Perpetua: A martyr by no other name

 

Jesus said to them, “Truly I tell you, at the renewal of all things, when the Son of Man sits on his glorious throne, you who have followed me will also sit on twelve thrones, judging the twelve tribes of Israel. And everyone who has left houses or brothers or sisters or father or mother or wife or children or fields for my sake will receive a hundred times as much and will inherit eternal life. But many who are first will be last, and many who are last will be first.” (Matthew 19:28-30)

She was young. She had an infant. She had a devoted father and a wealthy family.

And she gave it all up in the name of Christ.

In 202, Roman emperor Severus issued an edict banning conversions to Christianity or Judaism, declaring such actions to be disloyal to the empire. Into this context, Perpetua, a 22-year-old noblewoman, and her servant, Felicitas, underwent instruction for their baptism in Carthage.

The story of their martyrdom is told in The Passion of Perpetua and Felicitas, which was allegedly written by Perpetua herself. In it, we read about her visions of martyrdom, her life in prison, her trial and the final days before her death.

And we read of the pleas of her father, who begged her on more than one occasion to turn from the faith she had so recently embraced. In one such visit, Perpetua uttered words that have lived on through the centuries.

While we were still under arrest (she said) my father out of love for me was trying to persuade me and shake my resolution. ‘Father,’ said I, ‘do you see this vase here, for example, or waterpot or whatever?’

‘Yes, I do’, said he.

And I told him: ‘Could it be called by any other name than what it is?’

And he said: ‘No.’

‘Well, so too I cannot be called anything other than what I am, a Christian.’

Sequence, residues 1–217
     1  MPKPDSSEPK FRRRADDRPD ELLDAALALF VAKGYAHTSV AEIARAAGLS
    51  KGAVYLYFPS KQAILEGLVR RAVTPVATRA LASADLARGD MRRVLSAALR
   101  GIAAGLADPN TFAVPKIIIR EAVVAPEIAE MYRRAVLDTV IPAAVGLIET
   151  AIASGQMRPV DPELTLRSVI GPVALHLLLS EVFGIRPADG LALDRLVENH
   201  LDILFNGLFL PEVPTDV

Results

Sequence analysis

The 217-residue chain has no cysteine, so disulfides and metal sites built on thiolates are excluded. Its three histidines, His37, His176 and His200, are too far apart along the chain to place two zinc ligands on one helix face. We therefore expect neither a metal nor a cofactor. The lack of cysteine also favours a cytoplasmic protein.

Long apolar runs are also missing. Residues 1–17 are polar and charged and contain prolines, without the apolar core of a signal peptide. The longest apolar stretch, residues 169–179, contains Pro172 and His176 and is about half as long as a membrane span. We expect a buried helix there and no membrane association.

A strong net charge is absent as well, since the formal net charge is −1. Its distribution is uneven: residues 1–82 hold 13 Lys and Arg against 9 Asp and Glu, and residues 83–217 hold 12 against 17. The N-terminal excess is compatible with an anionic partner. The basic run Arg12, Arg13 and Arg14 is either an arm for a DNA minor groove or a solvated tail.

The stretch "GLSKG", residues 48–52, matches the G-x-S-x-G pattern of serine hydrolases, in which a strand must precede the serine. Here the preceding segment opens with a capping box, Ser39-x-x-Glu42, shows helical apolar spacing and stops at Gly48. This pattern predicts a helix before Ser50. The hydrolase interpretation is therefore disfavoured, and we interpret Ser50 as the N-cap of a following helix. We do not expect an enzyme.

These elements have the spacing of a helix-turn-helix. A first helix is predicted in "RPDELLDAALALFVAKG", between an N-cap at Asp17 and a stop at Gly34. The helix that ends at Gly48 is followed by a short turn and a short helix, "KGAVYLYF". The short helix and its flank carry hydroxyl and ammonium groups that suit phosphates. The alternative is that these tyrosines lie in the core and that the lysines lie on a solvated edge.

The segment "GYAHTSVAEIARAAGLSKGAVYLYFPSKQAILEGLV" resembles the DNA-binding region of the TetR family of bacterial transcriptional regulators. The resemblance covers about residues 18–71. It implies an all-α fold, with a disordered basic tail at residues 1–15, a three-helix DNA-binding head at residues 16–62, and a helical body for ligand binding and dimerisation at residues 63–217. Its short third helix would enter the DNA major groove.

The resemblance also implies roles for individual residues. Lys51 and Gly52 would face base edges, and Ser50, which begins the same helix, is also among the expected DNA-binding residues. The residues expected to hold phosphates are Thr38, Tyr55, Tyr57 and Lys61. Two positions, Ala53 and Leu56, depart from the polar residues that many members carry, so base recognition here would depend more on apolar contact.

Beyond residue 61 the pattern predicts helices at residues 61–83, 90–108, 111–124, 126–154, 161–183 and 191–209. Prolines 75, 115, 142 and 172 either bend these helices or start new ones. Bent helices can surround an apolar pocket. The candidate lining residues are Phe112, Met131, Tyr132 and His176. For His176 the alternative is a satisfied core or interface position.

Her father made a final desperate attempt to sway Perpetua at her trial. With her infant in his hands, he begged her to have pity on the baby and perform the required sacrifice.

Hilarianus, the governor presiding over the trial, echoed her father’s plea, saying, “Have pity on your father’s grey head; have pity on your infant son. Offer the sacrifice for the welfare of the emperors.”

Perpetua refused.

Maintaining her faith sealed her fate. Perpetua and Felicitas were thrown to the beasts along with others who were arrested with them. Perpetua is said to have sung a psalm as she entered the arena, and survived the initial onslaught of a mad heifer who tossed her into the air, causing her to land in an bone-crushing thud. It was left to the gladiators to finish off with the sword what the beast had started.

The narrator of The Passion described what happened next.

“She screamed as she was struck on the bone; then she took the trembling hand of the young gladiator and guided it to her throat. It was as though so great a woman, feared as she was by the unclean spirit, could not be dispatched unless she herself were willing.”

Though young in age, and younger in faith, Perpetua made a decision that thousands have faced since the dawn of Christianity. When the time came to choose, she remained faithful to Christ rather than choose riches, status or even family.

I’m blessed to live in a country in which such a choice is not likely to be put before me, but – if it were – what would I choose? What would you choose? What can we both be doing to strengthen our faith to withstand any challenge?

***

This is the second post in my Write 31 Days series for 2017 in which I am taking a devotional look at key women in Christian history. For more information, or to start the series from the beginning, visit the introductory post.

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